– Breadcrumb interface. I am a massive fan of this. Much like websites Vista’s default navigation bar in folders are now replaced with a Breadcrumb making navigation much smoother and efficient without having to click Back or Forward so many times. Also in the Breadcrumb interface are drop down menu’s to make navigation even quicker when you have many folders.
Breadcrumb Interface in action
– Aero Glass. Many people have knocked this new look but please people think about it. Windows XP was released in 2001 and the whole interface was 2D driven by bitmaps. Microsoft re-wrote and designed new APIs (Application Programming Interfaces) to drag the Windows guts from the 16-bit era to the current generation. Windows XP was 32 and 64 bit, however the technology driving it was still based on old code in terms of interface. I’ll save the history lesson but it now uses Direct3D for many of the rendering along with Vector and Bitmaps. The result? A much more flexible graphical user interface that looks modern (by windows standards) and serves some purpose.
– Security. Microsoft has learnt a lot of lessons and have not made Explorer so integral to the actual system resources. Indeed Windows Explorer now runs in its own “Sandbox” so if anything happens then only the resources and memory inside that sandbox will get affected and not the whole system. Of course that is theory and many OS’s now employ several Sandboxes to increase security and stability. Also Vista uses a technique that randomly arranges the positions of key data areas to prevent malicious hackers from predicting target addresses. This technique is called ASLR (Address Space Layout Randomisation). Some say its overkill however prevention should always be the first port of call.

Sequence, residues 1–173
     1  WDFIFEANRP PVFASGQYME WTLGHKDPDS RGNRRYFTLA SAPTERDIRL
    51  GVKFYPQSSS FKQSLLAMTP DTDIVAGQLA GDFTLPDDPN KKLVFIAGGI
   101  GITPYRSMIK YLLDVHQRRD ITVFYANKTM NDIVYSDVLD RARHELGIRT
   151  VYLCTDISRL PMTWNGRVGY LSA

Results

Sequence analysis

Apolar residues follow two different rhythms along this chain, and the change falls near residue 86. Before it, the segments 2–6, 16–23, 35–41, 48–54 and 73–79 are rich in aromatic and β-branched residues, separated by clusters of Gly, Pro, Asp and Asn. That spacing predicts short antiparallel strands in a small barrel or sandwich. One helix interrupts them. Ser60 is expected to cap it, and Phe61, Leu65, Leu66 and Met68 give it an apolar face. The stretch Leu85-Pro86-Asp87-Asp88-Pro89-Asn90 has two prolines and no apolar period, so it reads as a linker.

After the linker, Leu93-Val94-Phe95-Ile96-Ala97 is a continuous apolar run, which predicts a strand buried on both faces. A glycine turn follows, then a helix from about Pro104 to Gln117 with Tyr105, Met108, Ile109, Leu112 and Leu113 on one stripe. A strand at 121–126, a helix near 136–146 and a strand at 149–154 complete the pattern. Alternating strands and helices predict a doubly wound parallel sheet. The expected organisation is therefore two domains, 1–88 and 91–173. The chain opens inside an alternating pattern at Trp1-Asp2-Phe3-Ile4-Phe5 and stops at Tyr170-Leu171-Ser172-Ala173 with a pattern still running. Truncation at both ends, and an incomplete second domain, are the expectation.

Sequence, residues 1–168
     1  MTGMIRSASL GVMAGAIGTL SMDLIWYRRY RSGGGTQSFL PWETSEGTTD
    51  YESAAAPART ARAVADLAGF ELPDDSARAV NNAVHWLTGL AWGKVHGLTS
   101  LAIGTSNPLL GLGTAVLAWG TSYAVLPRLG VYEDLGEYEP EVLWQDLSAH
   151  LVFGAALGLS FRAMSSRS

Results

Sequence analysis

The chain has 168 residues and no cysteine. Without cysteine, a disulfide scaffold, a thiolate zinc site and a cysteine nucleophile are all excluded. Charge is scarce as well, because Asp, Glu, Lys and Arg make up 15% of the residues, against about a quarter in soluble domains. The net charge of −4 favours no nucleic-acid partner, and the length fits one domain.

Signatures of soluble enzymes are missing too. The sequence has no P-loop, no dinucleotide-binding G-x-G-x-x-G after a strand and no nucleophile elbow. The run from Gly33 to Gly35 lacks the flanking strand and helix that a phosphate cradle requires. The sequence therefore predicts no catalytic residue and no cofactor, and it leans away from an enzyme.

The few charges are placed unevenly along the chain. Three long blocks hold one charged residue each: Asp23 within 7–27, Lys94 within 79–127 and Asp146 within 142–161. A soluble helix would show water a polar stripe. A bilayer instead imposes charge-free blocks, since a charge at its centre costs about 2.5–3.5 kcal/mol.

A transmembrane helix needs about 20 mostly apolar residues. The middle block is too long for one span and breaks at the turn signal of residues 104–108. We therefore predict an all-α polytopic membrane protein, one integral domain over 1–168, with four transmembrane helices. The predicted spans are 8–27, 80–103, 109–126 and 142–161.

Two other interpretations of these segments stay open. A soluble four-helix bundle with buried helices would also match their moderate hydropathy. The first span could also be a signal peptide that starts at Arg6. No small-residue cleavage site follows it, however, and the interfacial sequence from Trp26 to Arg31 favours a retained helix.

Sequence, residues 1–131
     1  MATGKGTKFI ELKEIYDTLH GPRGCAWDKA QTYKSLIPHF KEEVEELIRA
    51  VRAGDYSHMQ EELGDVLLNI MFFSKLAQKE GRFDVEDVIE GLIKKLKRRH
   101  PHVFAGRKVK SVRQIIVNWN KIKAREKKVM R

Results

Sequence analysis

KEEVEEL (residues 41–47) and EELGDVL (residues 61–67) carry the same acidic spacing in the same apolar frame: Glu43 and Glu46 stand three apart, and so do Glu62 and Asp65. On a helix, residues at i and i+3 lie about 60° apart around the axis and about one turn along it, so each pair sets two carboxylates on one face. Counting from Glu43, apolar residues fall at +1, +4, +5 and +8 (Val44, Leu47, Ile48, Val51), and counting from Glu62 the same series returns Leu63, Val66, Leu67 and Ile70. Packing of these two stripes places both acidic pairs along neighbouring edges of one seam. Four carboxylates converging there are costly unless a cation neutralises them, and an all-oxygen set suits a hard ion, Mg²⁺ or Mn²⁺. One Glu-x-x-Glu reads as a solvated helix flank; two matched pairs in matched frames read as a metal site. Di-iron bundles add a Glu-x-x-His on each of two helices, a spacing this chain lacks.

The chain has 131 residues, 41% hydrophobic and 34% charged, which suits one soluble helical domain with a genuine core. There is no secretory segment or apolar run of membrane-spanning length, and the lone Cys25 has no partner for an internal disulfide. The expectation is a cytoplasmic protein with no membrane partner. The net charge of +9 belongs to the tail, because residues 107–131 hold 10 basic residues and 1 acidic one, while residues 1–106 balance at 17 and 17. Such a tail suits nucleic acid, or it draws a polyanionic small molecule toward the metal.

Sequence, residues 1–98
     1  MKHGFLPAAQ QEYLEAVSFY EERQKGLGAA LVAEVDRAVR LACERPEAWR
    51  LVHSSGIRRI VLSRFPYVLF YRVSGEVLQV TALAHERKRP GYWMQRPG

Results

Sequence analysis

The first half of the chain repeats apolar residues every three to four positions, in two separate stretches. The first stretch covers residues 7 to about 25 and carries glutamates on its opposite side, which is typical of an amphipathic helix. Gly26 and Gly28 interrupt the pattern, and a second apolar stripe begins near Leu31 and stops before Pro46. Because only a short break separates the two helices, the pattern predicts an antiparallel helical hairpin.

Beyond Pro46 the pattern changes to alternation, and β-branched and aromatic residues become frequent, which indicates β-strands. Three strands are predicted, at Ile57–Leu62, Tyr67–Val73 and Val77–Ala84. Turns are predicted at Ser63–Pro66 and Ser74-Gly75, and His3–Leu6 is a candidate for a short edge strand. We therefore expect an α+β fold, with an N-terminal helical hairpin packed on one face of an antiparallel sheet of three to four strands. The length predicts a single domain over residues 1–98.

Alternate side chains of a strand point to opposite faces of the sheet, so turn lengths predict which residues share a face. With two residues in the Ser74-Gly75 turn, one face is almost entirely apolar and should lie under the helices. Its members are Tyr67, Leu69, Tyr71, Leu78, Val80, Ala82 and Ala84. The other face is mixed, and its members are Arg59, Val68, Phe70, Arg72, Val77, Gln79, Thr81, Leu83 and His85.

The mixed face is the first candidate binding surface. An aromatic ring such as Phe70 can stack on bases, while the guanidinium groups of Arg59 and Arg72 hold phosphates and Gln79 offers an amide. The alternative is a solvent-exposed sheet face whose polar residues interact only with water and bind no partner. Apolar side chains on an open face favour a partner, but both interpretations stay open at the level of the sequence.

– Vista sound driver. How many times have you used a headset with the volume on loud to hear the other person, but MSN IM alerts, system sounds and that are equally as loud? With the new sound driver Vista handles each application separately with its own volume control giving you much more flexibility. Handy for me being a Skype user.
– File management. Ever selected loads of files to move only to be told by Windows that a file is in use? Then to see the whole operation cancelled… It has happened to me many times and thankfully Vista sorts this out by skipping files that cannot be altered and gives an Error Report at the end. Also (thankfully) there are more options instead of “Say Yes to all” like in Windows XP… You can now say No to all! Such a simple thing like that really does make a difference when handling massive amounts of files.
There are some other good points too which I probably cannot remember right now but there are also some negatives. Network speeds are unusually slow with large file transfers however after a bit of research this was due to Vista controlling bandwidth to reduce overheads on the systems connected. A simple command prompt though can turn it off and make it act like Windows XP. Flip3D, a feature Microsoft were proud to boast is totally useless. Since Microsoft spent all that effort re-writing the graphics engine I’m sure they could have come up with something better to display all active windows at once. ExposÃ© on the Apple Mac for example is a beautiful example of how it should be done. Hell I’ve even installed software called TopDesk (ExposÃ© like feature) and DeskSpace (mimics Beryl’s Virtual Desktop Cube) to improve things further with great effect.
TopDesk adds ExposÃ© features to Vista
In the next part I will talk about drivers, program compatibility, performance and will wrap up my thoughts. In all though if your system is capable (modern) then Vista is not as bloated as people might think. However you would need Business or Ultimate to get the most out of it I feel. I have grown to like Vista Ultimate but will provide more user experiences and thoughts for the next chapter.